Please note! Our file sizes are too large to upload via devpost. Check out the github.

EPILEPSY WARNING - There are flashing lights and colors. Please be safe.

Inspiration

We were inspired by the movie Ratatouille, which has a smell visualizer. Music is an important part of all our lives. The merging of technology and art is always exciting, so now that we have the capability to immerse listeners in a world created by their music, we were excited to try to do it!

What it does

Visualizes music in a 360 video for use with Virtual Reality!

How we built it

First we analyze a music file, and determine a Frequency-Amplitude over time graph. Up next, we do a Fourier Transform and peak analyzer on the file to determine dominant frequencies at each moment. Color is calculated from a novel algorithm that determines dominant frequencies and matches timbre of each frame to a color.

Challenges we ran into

Keeping up with the speed of the actual song is difficult; rendering is hard, and the Amazon AWS credit didn't seem to work. Because of this constraint, we pre-rendered for our demo, and we are looking at ways to do a better, hopefully live render.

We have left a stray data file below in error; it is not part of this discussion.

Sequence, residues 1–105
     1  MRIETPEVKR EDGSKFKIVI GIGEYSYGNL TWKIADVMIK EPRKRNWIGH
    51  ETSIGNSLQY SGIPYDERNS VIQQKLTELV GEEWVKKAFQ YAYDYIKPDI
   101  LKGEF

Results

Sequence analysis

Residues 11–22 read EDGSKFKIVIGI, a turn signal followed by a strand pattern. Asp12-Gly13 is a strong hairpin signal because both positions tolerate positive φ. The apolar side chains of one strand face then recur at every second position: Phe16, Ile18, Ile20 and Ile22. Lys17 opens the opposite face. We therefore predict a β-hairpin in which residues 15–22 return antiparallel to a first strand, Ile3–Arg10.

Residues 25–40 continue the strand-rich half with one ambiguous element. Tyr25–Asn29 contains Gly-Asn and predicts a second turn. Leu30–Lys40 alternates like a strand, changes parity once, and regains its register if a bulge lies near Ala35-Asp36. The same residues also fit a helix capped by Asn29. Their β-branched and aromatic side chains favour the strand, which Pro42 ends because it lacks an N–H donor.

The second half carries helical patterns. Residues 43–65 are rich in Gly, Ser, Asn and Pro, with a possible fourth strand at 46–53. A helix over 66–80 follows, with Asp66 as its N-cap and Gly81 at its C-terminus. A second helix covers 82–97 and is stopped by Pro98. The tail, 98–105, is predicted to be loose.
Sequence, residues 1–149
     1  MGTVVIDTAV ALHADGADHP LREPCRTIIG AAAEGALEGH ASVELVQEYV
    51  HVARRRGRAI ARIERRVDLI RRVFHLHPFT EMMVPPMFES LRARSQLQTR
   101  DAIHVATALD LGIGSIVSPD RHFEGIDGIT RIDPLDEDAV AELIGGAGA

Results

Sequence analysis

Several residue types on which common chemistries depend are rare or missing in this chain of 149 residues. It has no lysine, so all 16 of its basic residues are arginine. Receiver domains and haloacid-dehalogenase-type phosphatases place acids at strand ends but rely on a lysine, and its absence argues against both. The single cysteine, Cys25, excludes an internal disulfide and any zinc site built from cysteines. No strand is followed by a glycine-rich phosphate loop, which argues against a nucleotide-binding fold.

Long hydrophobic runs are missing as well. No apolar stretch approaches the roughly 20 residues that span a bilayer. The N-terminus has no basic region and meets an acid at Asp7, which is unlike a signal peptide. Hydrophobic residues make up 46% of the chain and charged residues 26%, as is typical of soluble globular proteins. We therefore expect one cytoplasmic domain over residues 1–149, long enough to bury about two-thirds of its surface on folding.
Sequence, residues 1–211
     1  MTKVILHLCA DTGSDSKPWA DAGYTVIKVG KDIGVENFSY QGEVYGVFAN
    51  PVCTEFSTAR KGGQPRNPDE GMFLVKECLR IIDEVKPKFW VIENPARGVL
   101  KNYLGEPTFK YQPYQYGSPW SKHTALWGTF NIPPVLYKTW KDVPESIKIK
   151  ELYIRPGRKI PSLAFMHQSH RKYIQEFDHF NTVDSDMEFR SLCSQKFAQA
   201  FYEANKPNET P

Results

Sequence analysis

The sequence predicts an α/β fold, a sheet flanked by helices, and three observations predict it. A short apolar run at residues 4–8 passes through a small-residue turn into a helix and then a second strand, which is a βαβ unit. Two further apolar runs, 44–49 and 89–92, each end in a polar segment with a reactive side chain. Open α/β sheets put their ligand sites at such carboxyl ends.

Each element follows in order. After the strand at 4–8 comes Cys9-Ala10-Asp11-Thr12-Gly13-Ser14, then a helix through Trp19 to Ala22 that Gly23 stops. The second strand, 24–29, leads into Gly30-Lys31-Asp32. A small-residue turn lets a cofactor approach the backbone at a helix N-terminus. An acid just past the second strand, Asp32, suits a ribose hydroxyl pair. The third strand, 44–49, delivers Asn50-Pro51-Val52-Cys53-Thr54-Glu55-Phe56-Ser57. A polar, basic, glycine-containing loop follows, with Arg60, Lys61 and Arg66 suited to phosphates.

What we learned

Uncommon, but cool: we learned about the importance of art & design in technology. Despite none of us being artists, we learned more about blender, putting together a whole project pipeline. Same as always, time management in a 24 hour window is an important takeaway.

Accomplishments that we're proud of

Jay — Carrying the team and handling the major task of generating the demo render. Warren — proud of truly committing to a project and seeing it through. Alex — This my first Hackathon! I'm glad I was able to contribute deeply to the project beyond what I thought I'd be able to do. I'm proud that I pulled through in the end. Jeremiah — being (maybe?) one of the first people to explore visualization of timbre, which is a relatively arcane musical phenomenon

What's next for raVR - VR music visualizer

We're looking at ways to expand our rendering capability. We're looking into using Blendergame to render the visualizer as an explorable environment. We're hoping to fine-tune the ways that we visualize different aspects of music. We're looking into other projects (like Melisma) which can analyze other aspects of music, such as voice.

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